The Devil’s Bargain in Composition and Rhetoric

I am grateful to all the smart people who read and commented on a post I wrote here in which I argued that the labor crisis in Composition and Rhetoric can only be fully understood through a global economic lens. I used David Harvey’s theory of capitalism in crisis to make the claim that finance capitalism circumvents barriers to accumulation by creating low-wage industries staffed by contract workers (such as academia) that are managed and legitimated by the very intellectuals who ought to know better.

My grief over Rhet Comp’s complicity in perpetuating this system is captured in many of the comments made by readers, including one by Anthony Paré, a thirty-year veteran of the field. You can read his full note here. In brief, he writes about “a central and damning paradox at the heart of rhet and comp’s history”: Continue reading

What Are We Defending When We Defend Public Higher Education?: Or, How Frances Fox Piven Blew My Mind a Little Bit

This was a question that came up frequently during the Defending Public Higher Ed Conference at the Graduate Center earlier this month. Let’s linger on it a bit. What does higher education do that is worth defending?

There were many thoughtful answers at the conference, including from scholars like Michelle Fine who advised us to reclaim the idea of education as a public good, something that doesn’t just empower a few individuals to succeed in the new economy, but is part of a collective, democratic endeavor to create a more equitable society.

Sounds great to me. Where do I sign up?

A different kind of answer (though it is really more of a question, which is why it is so brilliant) came from GC Professor Frances Fox Piven who, I have to say, blew my mind a little bit. In remarks that seemed to come off the top of her head, Piven explained how the global economy, which has spawned a new kind of predatory capitalism, has changed her thinking about the role of education in society. “We used to think,” she explained, “the ruling class wanted to use education to reproduce the class structure. Now I’m not sure they’re interested in reproducing anything.” Continue reading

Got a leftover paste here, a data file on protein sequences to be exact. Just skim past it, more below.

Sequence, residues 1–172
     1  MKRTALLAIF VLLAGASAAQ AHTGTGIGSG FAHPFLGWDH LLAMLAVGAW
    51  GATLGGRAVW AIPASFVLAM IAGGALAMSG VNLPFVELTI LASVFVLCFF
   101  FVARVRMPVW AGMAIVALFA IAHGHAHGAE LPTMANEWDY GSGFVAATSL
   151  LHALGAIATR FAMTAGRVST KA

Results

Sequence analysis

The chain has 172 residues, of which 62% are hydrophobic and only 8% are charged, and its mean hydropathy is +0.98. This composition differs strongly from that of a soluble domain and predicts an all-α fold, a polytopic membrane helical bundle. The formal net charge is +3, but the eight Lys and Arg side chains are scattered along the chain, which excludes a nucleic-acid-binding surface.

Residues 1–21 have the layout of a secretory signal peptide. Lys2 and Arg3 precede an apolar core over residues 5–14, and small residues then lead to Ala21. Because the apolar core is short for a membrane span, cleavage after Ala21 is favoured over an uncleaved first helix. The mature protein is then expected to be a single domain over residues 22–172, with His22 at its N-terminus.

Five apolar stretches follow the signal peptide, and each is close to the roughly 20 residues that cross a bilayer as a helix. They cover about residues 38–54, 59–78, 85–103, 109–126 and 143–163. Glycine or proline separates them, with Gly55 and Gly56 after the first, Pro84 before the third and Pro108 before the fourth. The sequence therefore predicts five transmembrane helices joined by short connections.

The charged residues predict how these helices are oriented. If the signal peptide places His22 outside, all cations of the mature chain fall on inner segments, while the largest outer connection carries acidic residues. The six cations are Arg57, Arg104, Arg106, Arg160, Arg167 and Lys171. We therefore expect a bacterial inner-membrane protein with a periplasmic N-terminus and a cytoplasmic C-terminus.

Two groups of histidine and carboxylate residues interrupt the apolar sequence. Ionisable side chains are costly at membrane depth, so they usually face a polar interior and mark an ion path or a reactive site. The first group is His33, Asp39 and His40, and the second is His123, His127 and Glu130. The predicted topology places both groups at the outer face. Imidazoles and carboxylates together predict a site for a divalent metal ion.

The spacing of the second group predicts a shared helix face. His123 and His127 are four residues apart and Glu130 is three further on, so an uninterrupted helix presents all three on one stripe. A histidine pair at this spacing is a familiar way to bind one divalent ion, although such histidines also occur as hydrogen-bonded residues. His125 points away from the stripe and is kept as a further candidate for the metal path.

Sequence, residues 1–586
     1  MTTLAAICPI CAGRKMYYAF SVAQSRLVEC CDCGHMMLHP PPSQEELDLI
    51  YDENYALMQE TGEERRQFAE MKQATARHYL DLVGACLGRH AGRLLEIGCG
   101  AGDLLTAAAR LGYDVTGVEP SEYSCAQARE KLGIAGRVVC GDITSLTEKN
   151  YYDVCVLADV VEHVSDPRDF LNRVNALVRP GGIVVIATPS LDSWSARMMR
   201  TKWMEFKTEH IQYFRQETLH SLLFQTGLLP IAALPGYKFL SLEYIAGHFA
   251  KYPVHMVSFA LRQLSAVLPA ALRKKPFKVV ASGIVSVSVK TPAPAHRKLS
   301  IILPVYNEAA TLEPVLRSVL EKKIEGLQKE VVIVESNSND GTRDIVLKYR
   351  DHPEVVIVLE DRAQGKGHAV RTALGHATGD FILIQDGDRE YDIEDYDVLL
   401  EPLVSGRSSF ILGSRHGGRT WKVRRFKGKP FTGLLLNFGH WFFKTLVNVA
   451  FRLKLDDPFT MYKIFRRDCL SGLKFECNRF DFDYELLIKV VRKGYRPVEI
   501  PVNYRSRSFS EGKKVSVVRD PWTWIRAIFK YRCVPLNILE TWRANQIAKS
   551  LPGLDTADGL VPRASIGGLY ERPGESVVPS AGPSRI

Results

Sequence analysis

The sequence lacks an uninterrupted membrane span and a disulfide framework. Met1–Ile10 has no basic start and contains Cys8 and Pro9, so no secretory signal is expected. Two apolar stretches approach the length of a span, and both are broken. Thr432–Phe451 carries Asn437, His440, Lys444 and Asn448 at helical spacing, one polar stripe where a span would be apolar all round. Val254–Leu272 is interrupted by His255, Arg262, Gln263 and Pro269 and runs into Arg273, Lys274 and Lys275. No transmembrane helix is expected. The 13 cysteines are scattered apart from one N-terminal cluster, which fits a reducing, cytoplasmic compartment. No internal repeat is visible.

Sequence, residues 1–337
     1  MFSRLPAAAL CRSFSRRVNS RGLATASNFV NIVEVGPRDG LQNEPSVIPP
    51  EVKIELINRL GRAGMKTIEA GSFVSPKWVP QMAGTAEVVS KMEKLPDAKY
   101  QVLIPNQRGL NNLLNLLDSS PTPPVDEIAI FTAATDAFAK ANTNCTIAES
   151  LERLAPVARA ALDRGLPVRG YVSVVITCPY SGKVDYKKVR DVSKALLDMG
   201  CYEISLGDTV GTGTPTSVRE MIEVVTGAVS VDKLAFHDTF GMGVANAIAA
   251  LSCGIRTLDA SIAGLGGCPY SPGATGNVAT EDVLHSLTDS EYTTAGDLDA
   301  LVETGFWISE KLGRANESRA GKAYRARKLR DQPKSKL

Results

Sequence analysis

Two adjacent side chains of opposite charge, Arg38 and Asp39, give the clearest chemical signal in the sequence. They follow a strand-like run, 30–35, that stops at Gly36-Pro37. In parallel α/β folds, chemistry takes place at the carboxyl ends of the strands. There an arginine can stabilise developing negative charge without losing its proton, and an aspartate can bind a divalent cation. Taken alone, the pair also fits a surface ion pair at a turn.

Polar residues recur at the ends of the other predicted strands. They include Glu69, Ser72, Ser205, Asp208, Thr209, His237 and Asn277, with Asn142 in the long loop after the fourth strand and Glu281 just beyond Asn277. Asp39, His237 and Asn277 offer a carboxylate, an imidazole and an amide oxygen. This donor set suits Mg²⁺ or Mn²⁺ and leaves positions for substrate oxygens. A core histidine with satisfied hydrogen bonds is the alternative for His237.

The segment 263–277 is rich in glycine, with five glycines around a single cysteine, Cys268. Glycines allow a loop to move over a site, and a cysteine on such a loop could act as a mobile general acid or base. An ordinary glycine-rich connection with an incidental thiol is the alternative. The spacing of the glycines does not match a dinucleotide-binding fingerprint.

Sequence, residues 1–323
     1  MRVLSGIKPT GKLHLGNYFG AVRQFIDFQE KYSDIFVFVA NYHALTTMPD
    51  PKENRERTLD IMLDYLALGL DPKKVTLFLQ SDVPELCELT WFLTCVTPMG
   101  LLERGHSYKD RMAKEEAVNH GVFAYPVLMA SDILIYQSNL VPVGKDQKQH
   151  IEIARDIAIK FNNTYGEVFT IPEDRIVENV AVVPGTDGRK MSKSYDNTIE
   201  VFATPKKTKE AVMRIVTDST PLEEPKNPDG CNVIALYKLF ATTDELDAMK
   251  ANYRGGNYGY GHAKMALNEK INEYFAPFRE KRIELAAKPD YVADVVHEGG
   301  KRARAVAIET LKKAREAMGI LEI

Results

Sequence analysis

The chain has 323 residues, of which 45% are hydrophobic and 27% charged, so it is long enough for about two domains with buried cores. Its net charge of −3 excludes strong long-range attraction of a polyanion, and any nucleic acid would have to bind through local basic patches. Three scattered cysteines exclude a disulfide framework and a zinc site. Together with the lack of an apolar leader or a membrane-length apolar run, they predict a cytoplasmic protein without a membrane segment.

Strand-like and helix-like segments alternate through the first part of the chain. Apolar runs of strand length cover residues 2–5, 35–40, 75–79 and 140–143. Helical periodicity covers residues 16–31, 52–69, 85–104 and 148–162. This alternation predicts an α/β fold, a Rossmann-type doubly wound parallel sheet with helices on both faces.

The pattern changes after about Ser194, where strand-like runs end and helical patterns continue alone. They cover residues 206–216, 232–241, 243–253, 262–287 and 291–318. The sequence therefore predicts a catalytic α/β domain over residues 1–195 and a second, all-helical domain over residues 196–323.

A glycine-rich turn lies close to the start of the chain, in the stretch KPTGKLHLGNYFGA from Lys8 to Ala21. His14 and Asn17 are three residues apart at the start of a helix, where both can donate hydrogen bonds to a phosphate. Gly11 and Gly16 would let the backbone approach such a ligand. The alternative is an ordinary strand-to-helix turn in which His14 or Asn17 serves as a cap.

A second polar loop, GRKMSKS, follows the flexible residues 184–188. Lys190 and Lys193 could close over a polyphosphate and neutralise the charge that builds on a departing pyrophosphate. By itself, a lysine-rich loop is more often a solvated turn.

Stanley Aronowitz and Gary Rhoades Cage Match: Does Higher Ed Need to ‘Play the Metrics Game’?

Okay so there wasn’t an actual cage match between Gary Rhoades (of the University of AZ) and Stanley Aronowitz (of CUNY) at the Defending Public Higher Ed Conference at the Graduate Center on October 7. But there were genuine disagreements and a rich debate among presenters and attendees about the best way to save public higher ed from disinvestment and privatization.

I’m going to be discussing this conference in the next couple of blog posts. I’m not writing this only for CUNY folks though. I believe these issues are broadly relevant to higher education.

The main speaker of the day was Gary Rhoades, co-author of Academic Capitalism and the New Economy. I liked his address a lot, even though I don’t think he is right about everything. His most important point was that progressive educators should provide a consistent counter discourse to the one beloved by the Gates, Walton and Lumina foundations. The plutocrat narrative, of course, blames teachers and their unions for the so-called failure of public ed and uses testing and other “accountability” regimes as the scientific justification for turning schools, including colleges and universities, over to CEOs. Continue reading

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